Festival Fit: Warm and cosy – and knee-deep in gemütlichkeit – at the Derry Fleadh
The Germans have a word for that feeling of being cocooned in a friendly situation – and it’s there by the bucketful on a LegenDerry weekend
Rock ’n’ reel kids: Scoil Éigse at The Fleadh
There’s something satisfying about learning a new word, ever so slightly expanding your ability to communicate and hopefully pushing something like the name of that New Orleans Rose out of your head forever. Gemütlichkeit (warm friendliness, cosiness and sense of belonging) was one that crossed my path this week and I’ve become a fan. Partly because I find something pleasing about the jaggedness of some German words that make your mouth work a bit harder as it struggles to set the strange syllables free, partly because we don’t have an equivalent word in English, but mainly because I’ve been feeling it regularly, unbeknownst to myself.
In the early days of my festival odyssey I rolled up to the gate of a festival called Rock an Oir in west Co Waterford. At the security checkpoint a burly dude in a luminous vest approached the van and made that defunct but still recognisable gesture to roll down the window. I readied some tried-and-trusted blags for dealing with such bouncer buachaills, but he caught me on the hop. “Open your mouth and say ahhh,” he instructed, and, startled by the odd request, I obliged. He produced a super-soaker and proceeded to spray a jet of beer directly into my gob. I had an immense sense of gemütlichkeit.
There’s no denying that Marshall Mathers grew up in tough circumstances, having to deal with the meanest streets of Detroit as a chiseller. Somehow, somewhere along the way, he developed a fear of giraffes. If Lord Henry Mount Charles rode the lanky quadruped bareback onto the stage during the rapper’s set last weekend, I would almost have been tempted to attend. Almost. Reports from Eminem at Slane suggest the crowd weren’t exactly knee deep in gemütlichkeit.
KICKS IN THE DERRY AIR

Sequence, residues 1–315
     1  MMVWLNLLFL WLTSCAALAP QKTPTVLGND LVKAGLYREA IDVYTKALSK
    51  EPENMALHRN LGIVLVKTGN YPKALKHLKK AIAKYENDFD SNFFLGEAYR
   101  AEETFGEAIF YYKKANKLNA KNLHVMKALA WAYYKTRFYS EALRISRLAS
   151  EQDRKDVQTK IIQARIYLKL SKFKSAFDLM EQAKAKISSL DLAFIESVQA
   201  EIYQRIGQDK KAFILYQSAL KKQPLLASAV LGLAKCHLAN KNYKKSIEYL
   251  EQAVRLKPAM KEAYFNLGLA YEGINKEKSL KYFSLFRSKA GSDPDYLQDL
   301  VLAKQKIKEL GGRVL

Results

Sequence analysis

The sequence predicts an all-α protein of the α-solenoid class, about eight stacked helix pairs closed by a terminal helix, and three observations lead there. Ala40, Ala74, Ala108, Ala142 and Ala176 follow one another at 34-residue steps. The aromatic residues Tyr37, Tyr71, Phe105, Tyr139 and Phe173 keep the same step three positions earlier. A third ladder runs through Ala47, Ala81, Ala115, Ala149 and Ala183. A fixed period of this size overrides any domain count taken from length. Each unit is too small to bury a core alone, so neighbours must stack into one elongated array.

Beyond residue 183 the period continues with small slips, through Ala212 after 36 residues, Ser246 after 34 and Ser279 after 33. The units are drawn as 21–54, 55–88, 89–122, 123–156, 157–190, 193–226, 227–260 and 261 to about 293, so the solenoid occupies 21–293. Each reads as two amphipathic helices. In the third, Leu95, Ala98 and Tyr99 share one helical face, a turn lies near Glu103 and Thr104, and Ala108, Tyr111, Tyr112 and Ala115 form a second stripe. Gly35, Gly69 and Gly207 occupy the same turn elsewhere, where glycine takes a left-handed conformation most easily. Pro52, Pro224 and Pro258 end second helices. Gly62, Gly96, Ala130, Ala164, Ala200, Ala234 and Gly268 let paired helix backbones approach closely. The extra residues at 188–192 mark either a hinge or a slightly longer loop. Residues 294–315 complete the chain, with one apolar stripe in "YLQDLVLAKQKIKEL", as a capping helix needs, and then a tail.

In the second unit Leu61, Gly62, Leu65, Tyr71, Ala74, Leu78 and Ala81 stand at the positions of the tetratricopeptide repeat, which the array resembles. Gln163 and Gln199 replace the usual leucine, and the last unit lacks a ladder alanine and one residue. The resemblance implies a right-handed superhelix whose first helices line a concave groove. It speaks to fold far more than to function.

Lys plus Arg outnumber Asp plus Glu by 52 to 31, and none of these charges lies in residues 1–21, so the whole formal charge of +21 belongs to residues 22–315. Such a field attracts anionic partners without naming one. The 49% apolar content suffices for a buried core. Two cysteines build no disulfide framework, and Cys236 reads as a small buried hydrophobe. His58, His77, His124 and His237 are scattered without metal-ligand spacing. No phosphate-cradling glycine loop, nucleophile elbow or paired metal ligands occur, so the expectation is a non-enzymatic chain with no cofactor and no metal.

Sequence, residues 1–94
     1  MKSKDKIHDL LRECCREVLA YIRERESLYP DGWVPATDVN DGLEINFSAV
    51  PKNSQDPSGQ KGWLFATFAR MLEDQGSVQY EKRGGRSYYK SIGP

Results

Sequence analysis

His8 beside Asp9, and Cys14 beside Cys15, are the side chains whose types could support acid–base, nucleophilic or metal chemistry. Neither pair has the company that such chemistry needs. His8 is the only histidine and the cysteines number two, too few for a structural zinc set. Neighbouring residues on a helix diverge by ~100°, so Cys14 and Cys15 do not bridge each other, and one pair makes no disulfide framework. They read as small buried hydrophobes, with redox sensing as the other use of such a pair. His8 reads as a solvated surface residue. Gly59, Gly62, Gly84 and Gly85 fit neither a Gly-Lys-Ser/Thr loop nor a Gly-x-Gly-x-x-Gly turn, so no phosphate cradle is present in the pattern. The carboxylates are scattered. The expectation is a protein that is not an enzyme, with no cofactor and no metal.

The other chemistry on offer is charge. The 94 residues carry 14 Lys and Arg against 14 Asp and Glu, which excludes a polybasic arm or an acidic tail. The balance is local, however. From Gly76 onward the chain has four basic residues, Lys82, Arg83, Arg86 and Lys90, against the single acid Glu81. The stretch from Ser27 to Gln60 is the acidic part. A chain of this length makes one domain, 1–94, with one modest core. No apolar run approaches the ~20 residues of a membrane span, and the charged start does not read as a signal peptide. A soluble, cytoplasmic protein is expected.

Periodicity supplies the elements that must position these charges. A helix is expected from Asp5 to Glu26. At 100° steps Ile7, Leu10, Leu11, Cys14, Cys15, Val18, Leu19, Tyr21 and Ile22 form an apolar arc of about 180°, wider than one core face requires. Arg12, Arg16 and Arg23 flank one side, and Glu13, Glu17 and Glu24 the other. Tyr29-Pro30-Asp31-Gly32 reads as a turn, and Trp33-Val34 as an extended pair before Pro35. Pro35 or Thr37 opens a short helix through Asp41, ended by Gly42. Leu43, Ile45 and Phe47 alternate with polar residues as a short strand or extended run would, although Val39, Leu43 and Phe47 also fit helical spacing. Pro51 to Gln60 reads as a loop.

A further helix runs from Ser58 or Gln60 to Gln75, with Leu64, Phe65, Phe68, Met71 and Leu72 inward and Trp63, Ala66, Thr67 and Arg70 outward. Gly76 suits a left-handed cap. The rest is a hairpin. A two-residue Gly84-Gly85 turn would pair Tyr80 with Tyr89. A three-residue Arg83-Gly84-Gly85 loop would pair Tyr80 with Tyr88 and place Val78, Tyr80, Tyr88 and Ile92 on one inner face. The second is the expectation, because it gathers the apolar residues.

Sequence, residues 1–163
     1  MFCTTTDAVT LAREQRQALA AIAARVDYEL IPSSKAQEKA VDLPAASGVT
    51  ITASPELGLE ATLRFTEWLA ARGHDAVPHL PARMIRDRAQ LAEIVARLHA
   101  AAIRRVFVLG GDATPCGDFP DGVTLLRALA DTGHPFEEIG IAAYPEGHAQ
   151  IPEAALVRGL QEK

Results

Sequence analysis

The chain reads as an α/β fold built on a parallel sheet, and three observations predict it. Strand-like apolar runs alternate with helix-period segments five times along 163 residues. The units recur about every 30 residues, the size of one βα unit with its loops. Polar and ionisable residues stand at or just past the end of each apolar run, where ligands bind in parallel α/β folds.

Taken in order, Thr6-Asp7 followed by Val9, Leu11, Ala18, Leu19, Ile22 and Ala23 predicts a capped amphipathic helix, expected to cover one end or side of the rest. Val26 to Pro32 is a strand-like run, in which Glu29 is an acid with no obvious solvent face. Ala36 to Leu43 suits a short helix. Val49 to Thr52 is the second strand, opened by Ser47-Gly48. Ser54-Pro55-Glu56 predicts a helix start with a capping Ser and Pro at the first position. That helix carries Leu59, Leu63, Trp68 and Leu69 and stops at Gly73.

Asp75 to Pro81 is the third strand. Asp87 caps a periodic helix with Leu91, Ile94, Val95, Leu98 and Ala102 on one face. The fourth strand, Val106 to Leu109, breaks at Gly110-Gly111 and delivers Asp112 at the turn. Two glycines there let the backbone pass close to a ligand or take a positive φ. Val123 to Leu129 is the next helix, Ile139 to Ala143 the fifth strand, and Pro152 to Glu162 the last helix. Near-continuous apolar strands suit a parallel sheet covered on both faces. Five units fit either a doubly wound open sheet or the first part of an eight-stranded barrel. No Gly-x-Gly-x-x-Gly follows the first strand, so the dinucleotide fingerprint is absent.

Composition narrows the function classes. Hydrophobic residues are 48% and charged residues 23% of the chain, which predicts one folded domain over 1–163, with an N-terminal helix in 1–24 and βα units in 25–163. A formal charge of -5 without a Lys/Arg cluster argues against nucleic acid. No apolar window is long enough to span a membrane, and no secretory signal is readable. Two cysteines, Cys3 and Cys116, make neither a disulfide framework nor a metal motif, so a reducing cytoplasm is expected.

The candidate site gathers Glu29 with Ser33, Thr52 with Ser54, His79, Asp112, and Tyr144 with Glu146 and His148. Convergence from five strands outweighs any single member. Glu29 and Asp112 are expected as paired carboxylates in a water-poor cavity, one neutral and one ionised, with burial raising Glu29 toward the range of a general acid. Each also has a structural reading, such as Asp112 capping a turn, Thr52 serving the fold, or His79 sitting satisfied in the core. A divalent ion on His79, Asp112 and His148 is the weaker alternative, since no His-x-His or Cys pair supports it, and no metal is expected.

Instead I ducked up to Derry for a gander at what was happening at Fleadh Cheoil na hÉireann, the first Fleadh to have been held north of the Border. The buzz in the Derry air was palpable. Businesses had their windows painted, temporary stages and bars popped up in the most unlikely places, and the PSNI felt more like holiday reps than the Law. Continental markets, bunting and banners, friendly natives, wall-to-wall trad and T-shirts that overcame that old political hot-potato of the city’s name by having “LegenDerry” emblazoned across the chest – there were heaps of gemütlichkeit corralled within the city’s walls.
Hitting so many festivals every week, there are always some familiar faces knocking around; one of these faces belongs to a dude called Cheeves. You can usually find this fella after sunset by following the trail of balloons that light the night with their internal LEDs. Cheeves brings hundreds of balloons and tiny LED lights with him to festivals, handing out the bouncy night-lights to strangers for free. The LEDs cost only 10 cent, so for a tenner a night he inflates and lights up a hundredweight of joy. Cheeves is a gemütlichkeit generator.
At Castlepalooza I parked my van beside a fellow festival fiend by the name of Martin; turns out that he’s the head responsible for putting together Trenchtown, the Jamaican shanty session that’s become such an integral part of Body & Soul and Electric Picnic. Having aligned our vans, we slid the doors back and chewed the fat about festivals.
Martin excitedly told me about plans for an installation/drive-in that’ll be screening Jamaican flicks in Trenchtown at this year’s Electric Picnic, and about some of the savage acts who’ll be dropping beats and booming out sub-bass on stage. Martin explained how it’s getting tougher to put the whole show together without making a loss. I asked why in the name of God he and his crew work so hard putting the thing together if they’re not making a few bob out of it. “Seeing people’s expressions and how much they enjoy the thing.”
A marvelous masala of gemütlichkeit, cairdiúlacht and irie na hÉireann. Ya mon.
Safe travels, don’t die.